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Roman Bridge of Negrelos rehabilitated

(Originally published on April 13, 2007)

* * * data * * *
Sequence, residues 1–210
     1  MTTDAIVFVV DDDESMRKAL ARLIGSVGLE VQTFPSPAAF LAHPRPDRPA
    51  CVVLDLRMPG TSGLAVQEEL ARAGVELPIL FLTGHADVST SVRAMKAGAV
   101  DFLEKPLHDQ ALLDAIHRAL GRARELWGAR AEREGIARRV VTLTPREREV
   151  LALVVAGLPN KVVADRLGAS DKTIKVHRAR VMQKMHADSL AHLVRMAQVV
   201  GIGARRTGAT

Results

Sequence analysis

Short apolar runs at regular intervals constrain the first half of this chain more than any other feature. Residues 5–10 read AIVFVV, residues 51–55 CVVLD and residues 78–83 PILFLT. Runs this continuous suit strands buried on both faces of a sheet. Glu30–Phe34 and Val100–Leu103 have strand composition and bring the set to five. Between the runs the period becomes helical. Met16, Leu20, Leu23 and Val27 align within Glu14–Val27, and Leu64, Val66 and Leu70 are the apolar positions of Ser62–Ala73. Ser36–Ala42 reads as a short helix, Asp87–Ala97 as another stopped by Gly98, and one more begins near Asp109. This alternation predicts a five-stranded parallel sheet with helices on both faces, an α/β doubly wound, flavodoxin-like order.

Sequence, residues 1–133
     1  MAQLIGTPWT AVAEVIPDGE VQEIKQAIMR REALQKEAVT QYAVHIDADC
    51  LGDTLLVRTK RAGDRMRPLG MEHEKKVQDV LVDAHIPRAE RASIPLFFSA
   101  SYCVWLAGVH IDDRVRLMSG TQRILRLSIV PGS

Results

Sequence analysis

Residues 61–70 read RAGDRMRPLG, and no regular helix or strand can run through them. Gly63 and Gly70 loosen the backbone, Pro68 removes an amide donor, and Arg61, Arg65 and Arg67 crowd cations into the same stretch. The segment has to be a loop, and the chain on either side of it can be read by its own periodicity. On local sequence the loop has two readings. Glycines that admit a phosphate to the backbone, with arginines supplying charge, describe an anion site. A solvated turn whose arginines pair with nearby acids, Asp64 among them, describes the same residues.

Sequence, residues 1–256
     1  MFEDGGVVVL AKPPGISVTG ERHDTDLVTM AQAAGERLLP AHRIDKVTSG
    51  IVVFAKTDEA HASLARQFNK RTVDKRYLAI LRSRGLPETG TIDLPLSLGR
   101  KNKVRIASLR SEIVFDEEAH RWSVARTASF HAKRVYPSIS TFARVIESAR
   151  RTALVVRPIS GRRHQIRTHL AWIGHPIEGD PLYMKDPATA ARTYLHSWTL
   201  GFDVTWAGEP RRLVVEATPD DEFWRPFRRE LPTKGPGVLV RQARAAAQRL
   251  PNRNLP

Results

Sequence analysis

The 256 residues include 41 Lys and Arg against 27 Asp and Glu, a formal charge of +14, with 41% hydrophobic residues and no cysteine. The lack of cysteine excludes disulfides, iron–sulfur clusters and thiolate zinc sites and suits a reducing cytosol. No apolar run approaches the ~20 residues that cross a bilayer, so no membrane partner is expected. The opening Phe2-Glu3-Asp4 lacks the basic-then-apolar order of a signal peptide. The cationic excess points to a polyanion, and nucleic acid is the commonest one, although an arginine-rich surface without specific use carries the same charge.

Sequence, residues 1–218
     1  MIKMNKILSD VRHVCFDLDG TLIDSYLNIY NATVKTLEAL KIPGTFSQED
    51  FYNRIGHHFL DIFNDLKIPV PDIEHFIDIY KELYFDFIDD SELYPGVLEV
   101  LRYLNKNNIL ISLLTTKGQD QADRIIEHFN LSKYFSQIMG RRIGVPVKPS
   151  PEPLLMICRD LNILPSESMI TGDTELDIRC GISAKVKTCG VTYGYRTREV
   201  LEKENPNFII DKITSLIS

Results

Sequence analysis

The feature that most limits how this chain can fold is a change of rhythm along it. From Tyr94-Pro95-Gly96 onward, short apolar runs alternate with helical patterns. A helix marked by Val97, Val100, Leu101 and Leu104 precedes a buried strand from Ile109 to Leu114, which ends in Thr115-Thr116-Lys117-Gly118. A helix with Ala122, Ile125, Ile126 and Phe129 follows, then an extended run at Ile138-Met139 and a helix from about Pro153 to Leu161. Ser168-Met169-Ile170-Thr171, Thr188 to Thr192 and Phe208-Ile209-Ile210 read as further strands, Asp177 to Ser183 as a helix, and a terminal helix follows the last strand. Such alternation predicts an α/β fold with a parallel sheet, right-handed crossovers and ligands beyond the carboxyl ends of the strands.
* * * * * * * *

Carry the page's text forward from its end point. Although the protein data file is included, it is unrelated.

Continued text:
The Roman Bridge of Negrelos over the Vizela River, linking the villages of Moreira de Cónegos and São Martinho do Campo is one of most important Roman vestige of the region. Despite being classified as a National Monument the bridge was in a pre-ruin situation (see photo) before its recent rehabilitation. What we see now is the result of several reconstructions over the centuries but there are still many signs of the original Roman bridge, as the overall structure with several arches and a flat pavement. Many materials were also reuse, namely several cushioned ashlars with the typical hole attesting the use of machinery in its construction. This bridge integrated a secondary route linking Guimarães to Porto. Coordinates: 41.366525, -8.355018